Without fanfare or much explanation, the National Park Service on Wednesday announced the close of bidding for the controversial contract worth $2 billion to run the concessions at Yosemite National Park.
Federal officials would only say that there were bids, opting not to reveal company names or even the number of bidders.
Typically, no announcements are made at this point in the Park Service contract process, but Yosemite’s contract has made headlines over the value of such intellectual property as the Ahwahnee Hotel and the possibility icons such as it and other sites in the park could be renamed.
“In the next several months, the offers will be reviewed,” said Yosemite spokesman Scott Gediman. “By March 1, 2016, a new concession contract will begin.”
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Delaware North Companies, the park’s main concession operator for 21 years, has not announced if it was one of the bidders. But the operator has said its “intangible” assets — including names, such as the Ahwahnee and Wawona hotels — are worth $51 million. Delaware North also has said that if a new company takes over the concession, it’ll have to pay to use the names.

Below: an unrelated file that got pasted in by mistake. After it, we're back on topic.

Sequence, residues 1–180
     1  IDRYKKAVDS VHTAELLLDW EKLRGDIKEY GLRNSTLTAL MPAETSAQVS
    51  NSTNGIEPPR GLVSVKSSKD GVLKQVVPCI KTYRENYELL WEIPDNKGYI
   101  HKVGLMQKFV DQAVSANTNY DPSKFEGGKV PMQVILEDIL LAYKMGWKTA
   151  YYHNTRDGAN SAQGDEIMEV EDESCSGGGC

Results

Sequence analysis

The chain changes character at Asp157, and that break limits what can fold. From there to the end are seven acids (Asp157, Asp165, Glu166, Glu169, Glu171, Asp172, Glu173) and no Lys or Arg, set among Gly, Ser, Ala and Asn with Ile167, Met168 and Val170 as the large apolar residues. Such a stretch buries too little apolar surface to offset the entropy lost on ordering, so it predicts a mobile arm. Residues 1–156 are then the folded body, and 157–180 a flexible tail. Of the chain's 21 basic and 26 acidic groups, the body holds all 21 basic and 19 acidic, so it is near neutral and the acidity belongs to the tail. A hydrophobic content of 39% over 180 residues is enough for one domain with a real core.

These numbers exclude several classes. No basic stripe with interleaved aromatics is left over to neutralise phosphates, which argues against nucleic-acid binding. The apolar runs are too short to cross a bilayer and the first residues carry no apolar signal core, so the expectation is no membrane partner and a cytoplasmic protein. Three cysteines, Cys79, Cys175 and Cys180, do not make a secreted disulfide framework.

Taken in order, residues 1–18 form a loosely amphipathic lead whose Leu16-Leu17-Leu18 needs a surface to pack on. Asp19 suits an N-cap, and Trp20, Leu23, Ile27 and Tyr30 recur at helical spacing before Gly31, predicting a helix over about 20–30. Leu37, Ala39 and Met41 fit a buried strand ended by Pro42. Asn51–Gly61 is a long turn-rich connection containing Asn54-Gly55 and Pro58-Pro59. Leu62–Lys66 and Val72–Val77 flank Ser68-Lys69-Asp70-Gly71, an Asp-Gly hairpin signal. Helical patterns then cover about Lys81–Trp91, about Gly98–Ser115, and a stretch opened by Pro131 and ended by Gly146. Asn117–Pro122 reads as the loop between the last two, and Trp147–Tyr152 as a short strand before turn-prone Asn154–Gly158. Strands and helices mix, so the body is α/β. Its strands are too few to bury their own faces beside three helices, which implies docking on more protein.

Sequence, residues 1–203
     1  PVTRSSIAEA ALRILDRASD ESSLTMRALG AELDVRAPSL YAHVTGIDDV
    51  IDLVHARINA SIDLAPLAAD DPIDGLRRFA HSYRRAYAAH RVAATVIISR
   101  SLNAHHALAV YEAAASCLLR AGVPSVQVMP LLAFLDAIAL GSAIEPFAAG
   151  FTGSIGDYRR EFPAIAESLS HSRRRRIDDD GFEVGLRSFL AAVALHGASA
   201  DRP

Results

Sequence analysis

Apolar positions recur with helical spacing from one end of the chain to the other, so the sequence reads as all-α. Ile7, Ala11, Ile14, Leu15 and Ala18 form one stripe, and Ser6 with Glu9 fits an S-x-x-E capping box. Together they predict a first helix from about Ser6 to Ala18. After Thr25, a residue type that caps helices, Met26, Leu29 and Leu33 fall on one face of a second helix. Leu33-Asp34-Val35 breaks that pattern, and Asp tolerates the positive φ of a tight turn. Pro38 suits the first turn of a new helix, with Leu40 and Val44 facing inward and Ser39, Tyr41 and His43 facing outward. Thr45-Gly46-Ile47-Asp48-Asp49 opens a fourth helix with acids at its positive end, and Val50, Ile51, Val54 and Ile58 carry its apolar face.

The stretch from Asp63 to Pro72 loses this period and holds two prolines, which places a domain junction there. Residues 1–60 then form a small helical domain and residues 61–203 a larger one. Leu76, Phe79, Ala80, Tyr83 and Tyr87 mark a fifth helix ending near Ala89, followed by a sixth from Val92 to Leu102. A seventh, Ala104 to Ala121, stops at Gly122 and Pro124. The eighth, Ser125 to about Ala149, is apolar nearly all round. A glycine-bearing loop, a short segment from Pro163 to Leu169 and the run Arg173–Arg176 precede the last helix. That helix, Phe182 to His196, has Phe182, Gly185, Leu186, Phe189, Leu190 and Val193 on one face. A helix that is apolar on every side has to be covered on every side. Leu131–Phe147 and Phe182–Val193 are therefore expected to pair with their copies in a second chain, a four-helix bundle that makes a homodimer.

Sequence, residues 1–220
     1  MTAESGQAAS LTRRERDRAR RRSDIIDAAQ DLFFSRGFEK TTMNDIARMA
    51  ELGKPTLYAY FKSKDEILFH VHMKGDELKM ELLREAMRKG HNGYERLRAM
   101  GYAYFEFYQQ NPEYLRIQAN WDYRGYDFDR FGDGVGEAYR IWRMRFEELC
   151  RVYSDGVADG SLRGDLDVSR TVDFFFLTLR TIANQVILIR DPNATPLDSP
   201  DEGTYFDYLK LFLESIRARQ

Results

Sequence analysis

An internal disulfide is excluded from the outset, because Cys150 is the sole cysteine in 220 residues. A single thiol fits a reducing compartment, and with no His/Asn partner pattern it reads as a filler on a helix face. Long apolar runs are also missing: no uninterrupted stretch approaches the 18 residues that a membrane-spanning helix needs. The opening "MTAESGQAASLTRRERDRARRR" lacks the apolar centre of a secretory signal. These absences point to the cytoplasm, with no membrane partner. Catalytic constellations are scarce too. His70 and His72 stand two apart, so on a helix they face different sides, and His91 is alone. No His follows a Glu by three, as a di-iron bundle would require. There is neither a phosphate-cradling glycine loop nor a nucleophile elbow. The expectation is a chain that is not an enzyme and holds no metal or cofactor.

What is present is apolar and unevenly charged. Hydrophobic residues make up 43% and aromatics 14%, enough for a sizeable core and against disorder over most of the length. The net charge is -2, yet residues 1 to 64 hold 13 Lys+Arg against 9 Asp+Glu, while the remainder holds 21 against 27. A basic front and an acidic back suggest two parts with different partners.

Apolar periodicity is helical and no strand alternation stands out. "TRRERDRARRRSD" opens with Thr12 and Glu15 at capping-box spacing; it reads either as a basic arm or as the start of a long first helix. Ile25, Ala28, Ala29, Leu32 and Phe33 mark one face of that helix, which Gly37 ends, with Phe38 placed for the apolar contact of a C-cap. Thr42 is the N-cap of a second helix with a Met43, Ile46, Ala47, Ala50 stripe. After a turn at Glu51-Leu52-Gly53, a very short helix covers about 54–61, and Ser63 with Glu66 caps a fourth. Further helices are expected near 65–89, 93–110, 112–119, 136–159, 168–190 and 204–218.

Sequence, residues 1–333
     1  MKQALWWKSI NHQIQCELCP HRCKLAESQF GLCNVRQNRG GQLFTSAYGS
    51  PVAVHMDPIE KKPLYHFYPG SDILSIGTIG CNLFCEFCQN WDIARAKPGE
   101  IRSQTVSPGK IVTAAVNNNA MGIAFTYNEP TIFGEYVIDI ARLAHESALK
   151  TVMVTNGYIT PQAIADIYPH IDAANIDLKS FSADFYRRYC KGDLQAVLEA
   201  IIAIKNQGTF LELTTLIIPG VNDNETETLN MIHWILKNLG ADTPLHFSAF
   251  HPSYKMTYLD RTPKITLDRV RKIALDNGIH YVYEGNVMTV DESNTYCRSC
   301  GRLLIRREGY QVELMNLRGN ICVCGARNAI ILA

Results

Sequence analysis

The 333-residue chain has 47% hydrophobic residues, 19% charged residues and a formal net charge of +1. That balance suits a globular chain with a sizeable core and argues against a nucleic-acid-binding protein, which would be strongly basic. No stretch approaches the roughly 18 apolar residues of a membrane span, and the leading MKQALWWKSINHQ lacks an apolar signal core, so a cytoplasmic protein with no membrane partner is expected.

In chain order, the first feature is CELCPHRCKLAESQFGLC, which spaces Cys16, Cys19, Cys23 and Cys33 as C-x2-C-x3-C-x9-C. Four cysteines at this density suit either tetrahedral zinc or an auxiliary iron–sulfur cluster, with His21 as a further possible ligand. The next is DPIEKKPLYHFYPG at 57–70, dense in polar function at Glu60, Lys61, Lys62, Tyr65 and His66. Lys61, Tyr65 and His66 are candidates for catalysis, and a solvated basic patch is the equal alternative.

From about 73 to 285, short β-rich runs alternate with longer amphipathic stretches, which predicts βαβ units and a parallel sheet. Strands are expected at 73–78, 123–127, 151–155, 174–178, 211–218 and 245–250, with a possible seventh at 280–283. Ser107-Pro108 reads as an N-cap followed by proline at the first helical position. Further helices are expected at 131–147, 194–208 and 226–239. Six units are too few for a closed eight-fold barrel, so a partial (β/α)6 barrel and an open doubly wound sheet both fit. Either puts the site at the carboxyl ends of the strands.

The Park Service says the names of historic hotels and other properties are as much a part of the park as Half Dome. But to protect other contract bidders from the added cost, the Park Service is allowing the possibility that names could be changed.
Federal officials said they value Yosemite’s intangible property at $3.5 million. Both the Delaware North and Park Service estimates include registered place names, websites, mailing lists and guest databases. The breakdown of costs has not been made public.
The congressman who represents Yosemite, conservative Rep. Tom McClintock, R-Elk Grove, said he is “not in a position to judge” the trademark dispute and concession renewal, but suggested someone might have to.
“It looks like a property rights issue for the courts to sort out,” McClintock said.
The Park Service in December also included revised language that would avoid a repeat of the trademark dispute. The new proposed contract states that at its expiration, the “intellectual property will transfer” to the park service so that a new concession operator won’t have to buy it out.
Underscoring how the trademark dispute has started to roil the parks, the Denver Post reported two weeks ago that another park concession company, Xanterra, has filed for trademark protection of nearly 20 names at Grand Canyon National Park, including the well-known likes of Bright Angel Lodge.
The Park Service also has modified the proposed new contract since first putting it out for public consideration last May. The franchise fee, originally set at 8.6% of gross revenues, was dropped to 8% of gross revenues in a December amendment — a difference that could add up.
Over the past three years, the average gross revenues for the Yosemite concession operator reached $131.5 million a year. The reduction in franchise fee percentage amounts to the government giving up $789,000 a year, or $11.8 million over 15 years.